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Original Model

Shaun Cody provided the foundation for USC's revival as a recruiting force and national power

August 22, 2004|Gary Klein | Times Staff Writer

Shaun Cody knew some by reputation. He met others during their recruiting trips to USC and summer workouts.

Cody, however, did not comprehend the talent and depth of the Trojans' most recent recruiting class until the defending national champions gathered for their first full-squad workout earlier this month.

"It's almost like they're starting a dynasty with the way they recruit," said Cody, a senior defensive lineman and preseason All-American. "It feels like a factory almost, just pumping out these players."

Cody, 21, is the Trojans' template, the model that Coach Pete Carroll and recruiting coordinator Ed Orgeron have pointed to since the former star at Hacienda Heights Los Altos High signed a letter of intent in 2001.

Both coaches say that USC's resurgence -- on the field, and especially on the recruiting front -- began on that February day more than three years ago.

"He started it all," Orgeron said of Cody. "He's the foundation."

Cody became a starter at defensive tackle in the fifth game of his first season and was a freshman All-American. He suffered a major knee injury midway through the 2002 season, but came back last year and helped lead USC to a 12-1 record and a share of its first national title in a quarter century.

This season, the 6-foot-4, 295-pound Cody will play tackle and possibly end for a team that will start the season ranked No. 1 in the Associated Press and ESPN/USA Today coaches' polls.

"I remember when I was a kid watching Florida State and they were just like a powerhouse," Cody said. "And Notre Dame was a powerhouse every year -- a great team and national champions. It feels like it's swinging that way for us."

Cody, a sociology major who sports an interlocking "SC" tattoo on his right arm, considers himself one of many players -- from Southern California and across the nation -- who helped change the direction of a program that went 19-18 during Paul Hackett's three seasons as coach.

On Friday, Cody and fifth-year senior linebacker Matt Grootegoed were chosen defensive co-captains by teammates. Quarterback Matt Leinart, a fourth-year junior who was part of Cody's recruiting class, was chosen offensive captain.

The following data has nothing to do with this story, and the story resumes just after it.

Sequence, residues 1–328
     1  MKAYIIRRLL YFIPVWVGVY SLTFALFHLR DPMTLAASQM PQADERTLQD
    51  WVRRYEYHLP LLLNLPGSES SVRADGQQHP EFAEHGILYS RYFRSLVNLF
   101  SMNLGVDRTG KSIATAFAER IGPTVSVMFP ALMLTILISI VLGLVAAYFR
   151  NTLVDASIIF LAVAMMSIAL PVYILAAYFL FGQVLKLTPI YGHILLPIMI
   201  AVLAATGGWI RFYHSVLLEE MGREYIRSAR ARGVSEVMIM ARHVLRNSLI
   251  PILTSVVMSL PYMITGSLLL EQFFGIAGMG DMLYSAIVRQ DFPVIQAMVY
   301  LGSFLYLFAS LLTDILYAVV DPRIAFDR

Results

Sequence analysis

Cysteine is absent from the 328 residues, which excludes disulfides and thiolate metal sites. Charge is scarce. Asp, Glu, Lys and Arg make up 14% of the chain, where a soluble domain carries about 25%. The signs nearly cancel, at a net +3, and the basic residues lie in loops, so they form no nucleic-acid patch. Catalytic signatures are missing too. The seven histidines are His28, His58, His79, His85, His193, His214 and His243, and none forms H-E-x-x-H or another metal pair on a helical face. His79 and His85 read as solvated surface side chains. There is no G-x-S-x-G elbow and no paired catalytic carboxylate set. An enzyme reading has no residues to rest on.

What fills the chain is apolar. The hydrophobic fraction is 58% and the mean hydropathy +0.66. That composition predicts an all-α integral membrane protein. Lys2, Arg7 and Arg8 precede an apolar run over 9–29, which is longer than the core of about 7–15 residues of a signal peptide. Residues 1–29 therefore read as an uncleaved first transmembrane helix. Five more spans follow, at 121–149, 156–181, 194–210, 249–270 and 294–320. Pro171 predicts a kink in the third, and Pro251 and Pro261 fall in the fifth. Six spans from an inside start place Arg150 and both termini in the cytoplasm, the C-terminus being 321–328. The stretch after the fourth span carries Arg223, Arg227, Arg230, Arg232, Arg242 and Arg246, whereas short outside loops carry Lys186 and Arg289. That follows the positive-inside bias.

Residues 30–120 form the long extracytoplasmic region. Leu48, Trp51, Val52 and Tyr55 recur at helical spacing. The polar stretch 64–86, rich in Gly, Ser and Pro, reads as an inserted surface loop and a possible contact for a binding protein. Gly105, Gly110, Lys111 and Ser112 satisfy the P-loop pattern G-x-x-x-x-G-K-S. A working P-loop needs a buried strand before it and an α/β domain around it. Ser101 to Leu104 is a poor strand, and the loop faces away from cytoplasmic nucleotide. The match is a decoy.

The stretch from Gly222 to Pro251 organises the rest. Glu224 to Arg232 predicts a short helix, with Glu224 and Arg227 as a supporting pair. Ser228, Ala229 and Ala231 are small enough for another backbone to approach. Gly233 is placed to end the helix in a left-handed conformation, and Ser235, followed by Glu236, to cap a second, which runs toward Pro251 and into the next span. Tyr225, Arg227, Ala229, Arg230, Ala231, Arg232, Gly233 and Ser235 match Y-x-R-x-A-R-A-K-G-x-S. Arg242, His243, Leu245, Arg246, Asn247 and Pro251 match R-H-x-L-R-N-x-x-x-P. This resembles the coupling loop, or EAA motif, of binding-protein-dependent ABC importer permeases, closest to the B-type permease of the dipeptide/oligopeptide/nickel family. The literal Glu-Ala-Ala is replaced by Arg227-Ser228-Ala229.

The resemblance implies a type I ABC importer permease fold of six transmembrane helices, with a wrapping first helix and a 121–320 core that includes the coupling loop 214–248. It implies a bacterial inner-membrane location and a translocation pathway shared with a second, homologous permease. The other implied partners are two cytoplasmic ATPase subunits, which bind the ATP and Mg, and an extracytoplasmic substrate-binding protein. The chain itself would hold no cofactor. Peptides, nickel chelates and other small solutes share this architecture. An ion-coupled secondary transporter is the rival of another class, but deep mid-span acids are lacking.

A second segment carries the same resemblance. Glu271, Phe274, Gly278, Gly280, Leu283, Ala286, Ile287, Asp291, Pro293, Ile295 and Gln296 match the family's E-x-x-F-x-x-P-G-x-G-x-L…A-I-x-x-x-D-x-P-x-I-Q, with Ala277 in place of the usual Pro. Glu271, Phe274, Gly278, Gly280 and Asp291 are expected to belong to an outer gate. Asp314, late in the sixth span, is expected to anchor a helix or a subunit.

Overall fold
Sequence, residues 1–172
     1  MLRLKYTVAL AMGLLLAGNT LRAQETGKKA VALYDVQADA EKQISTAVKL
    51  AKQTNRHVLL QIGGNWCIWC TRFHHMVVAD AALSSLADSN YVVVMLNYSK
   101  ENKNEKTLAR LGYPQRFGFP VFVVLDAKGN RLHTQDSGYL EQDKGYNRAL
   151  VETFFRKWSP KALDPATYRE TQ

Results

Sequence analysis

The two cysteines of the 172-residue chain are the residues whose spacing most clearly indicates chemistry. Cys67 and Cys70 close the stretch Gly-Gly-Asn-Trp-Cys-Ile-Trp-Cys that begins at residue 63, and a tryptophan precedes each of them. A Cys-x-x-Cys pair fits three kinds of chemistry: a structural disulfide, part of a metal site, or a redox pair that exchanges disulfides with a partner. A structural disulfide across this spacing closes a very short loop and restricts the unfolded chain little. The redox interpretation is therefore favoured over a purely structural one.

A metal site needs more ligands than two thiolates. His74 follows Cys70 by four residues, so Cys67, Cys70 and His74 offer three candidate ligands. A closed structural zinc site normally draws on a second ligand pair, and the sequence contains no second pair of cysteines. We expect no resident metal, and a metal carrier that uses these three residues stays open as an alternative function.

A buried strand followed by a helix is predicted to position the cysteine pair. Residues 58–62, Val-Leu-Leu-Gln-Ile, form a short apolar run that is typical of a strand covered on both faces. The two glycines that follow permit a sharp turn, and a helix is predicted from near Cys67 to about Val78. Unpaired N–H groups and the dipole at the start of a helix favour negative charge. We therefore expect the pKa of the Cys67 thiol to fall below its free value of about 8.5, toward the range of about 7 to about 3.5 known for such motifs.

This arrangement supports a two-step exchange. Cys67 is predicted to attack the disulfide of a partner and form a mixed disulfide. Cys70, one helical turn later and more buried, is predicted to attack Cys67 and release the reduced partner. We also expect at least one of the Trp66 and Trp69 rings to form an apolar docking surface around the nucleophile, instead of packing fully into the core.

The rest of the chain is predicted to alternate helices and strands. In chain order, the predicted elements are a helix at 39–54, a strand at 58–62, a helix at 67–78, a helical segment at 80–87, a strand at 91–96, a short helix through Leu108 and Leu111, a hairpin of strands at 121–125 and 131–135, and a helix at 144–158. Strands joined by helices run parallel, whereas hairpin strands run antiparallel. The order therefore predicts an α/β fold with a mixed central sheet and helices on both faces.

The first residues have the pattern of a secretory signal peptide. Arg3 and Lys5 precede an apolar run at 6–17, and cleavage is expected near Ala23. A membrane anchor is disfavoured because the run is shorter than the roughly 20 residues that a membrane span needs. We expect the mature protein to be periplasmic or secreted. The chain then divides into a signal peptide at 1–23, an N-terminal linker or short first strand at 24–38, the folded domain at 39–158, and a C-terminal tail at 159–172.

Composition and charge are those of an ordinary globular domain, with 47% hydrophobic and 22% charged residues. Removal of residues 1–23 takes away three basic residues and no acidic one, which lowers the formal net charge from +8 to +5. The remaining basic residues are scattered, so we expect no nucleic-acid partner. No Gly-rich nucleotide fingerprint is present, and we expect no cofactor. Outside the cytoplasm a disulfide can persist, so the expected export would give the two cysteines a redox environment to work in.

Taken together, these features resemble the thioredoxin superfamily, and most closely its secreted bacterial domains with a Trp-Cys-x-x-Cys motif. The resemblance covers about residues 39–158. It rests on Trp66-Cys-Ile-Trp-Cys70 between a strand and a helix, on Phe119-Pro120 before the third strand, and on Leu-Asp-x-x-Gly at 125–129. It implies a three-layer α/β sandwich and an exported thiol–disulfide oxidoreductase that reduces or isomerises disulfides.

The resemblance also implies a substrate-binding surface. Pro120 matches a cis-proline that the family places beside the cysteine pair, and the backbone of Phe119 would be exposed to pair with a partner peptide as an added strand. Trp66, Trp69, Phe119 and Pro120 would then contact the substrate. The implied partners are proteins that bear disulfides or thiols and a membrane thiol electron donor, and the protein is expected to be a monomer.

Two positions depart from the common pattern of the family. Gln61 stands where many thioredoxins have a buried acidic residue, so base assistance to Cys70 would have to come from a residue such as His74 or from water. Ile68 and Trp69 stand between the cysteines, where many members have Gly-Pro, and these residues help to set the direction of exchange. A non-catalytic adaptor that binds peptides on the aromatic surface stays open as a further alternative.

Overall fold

The recruitment of Cody began while Orgeron was defensive line coach on Hackett's staff. When Hackett was fired after the 2000 season, Orgeron continued working while USC searched for a replacement.

Carroll was hired in December 2000 and asked Orgeron to remain with the Trojans.

"Pete said, 'I want you on my staff.' I said, 'OK, I've got a player,' " Orgeron said.

As a local player with a national profile -- he was USA Today's defensive player of the year -- Cody became the Trojans' primary target.

"We wanted him to be the guy who would set in motion our formula for how we would recruit guys from the local area and how we would involve them in our program as soon as they could get directed and show that guys could play early if they applied themselves and competed from the earliest," Carroll said.

Cody grew up a Notre Dame fan, just like his father, Mike, but he warmed to the idea of staying close to home during a visit to the South Bend, Ind., campus.

"I remember he said, 'Dad, look at that bike. It's rusted from the snow and it looks like it's been here over a year,' " Mike Cody recalled. "California weather, being close to his family and the chance to be a part of bringing something like USC football back appealed to him."

So did playing for Orgeron and, especially, for Carroll, a defensive-minded head coach who preached that the best players would be on the field regardless of age or year in school.

Cody was a backup defensive end for the first four games of the 2001 season, then moved into the starting lineup at tackle.

"I was shocked when I got moved to tackle," Cody said. "I wasn't mad because I knew I could bring something new to the position -- I had speed that a lot of inside guys in the Pac-10 hadn't seen."

In 2002, Cody started the first six games before suffering torn ligaments in his right knee during the first half against California at the Coliseum. He sat alone, in tears, as teammates exited the locker room for the start of the second half.

But when Cody looked up, Carroll was standing before him with a visitor: former USC All-American Ronnie Lott. Carroll quickly left for the field, but Lott, regarded as one of the toughest players in NFL history, stayed and counseled Cody.

"He said, 'To this point, everything has been up, up, up, and now you're going to have a down period. Your true character is how you come back from this,' " Cody recalled.

While USC finished the 2002 season with eight consecutive wins -- including a victory over Iowa in the Orange Bowl -- Cody rehabilitated his knee in preparation for the 2003 season.

"He never got too down in the dumps, maybe just the first few days," said Cody's mother, Teri. "It just seemed like after that, all he wanted to do was get better."

Said Cody: "Ronnie Lott's words, they stayed in my head every time I went to work out."

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